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My First “Raglan” Sweater

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I created a sweater a couple weeks ago (click here to see the post), but I knew I could do better.  I searched ravelry for more newborn sweaters, and came across a pattern that was sized from 3 mos. to 3T.  I figured that would be a good sizing option because it would make it slightly larger than the newborn sweater I had already created and I would be able to knit a larger size for my toddler if I wanted.  This Bigger Bitty Cabled Cardigan pattern was slightly more complicated than the last sweater I made, but still looked easy enough for me to handle.

The greatest thing I learned from making this sweater was the meaning of the term “raglan.”  I had heard the word used before, but had no clear understanding of what it was.  Raglan refers to the way the sleeves are attached in a diagonal from the collar to the armpit.  There are other ways of attaching sleeves, but this style is referred to as “raglan.”  The cool thing is that you actually begin making the sleeves when you start the pattern.  Using KFB stitches as directed, you create the diagonal which will later be the beginning of your sleeves. As you can see in the picture below, this was all knit in one piece.  There are stitch markers holding the stitches which will later be knit in the round to become the sleeves.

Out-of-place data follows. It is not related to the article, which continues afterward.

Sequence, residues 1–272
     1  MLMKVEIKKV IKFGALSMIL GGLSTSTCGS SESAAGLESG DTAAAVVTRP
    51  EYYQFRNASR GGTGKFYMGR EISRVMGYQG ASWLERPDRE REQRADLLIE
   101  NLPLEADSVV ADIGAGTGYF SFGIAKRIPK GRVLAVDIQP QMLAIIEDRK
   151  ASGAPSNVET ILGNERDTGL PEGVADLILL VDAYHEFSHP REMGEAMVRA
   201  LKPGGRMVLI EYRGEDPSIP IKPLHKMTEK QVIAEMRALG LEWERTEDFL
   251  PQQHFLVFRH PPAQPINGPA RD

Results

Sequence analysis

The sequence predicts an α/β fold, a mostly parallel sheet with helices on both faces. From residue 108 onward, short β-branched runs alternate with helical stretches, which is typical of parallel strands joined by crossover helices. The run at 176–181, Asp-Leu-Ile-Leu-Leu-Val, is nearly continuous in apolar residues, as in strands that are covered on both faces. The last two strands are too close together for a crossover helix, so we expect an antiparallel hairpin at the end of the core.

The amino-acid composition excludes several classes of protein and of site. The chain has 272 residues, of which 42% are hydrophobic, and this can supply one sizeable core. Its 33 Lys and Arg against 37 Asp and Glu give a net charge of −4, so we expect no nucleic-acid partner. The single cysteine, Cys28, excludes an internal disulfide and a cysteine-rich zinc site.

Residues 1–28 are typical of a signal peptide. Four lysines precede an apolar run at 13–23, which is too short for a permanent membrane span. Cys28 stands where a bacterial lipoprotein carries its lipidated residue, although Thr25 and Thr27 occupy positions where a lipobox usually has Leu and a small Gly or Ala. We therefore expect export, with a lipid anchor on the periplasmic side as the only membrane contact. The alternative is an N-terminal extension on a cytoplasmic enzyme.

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Another cool thing about this pattern was that it included buttonholes.  The other pattern I made suggested sewing on buttons and squeezing them through the stitches.  Had I known how easy it was to make a buttonhole, I would have just made some of my own.  Instead, I left the blue sweater without buttons.  I did make a small mistake on the second buttonhole from the top, but it is still functional.  I did not realize that YO (yarn over) and K2tog (knit two together) could be combined.  I realized my mistake (although I’m not sure how I did the top hole correctly) and fixed it on the rest of the holes.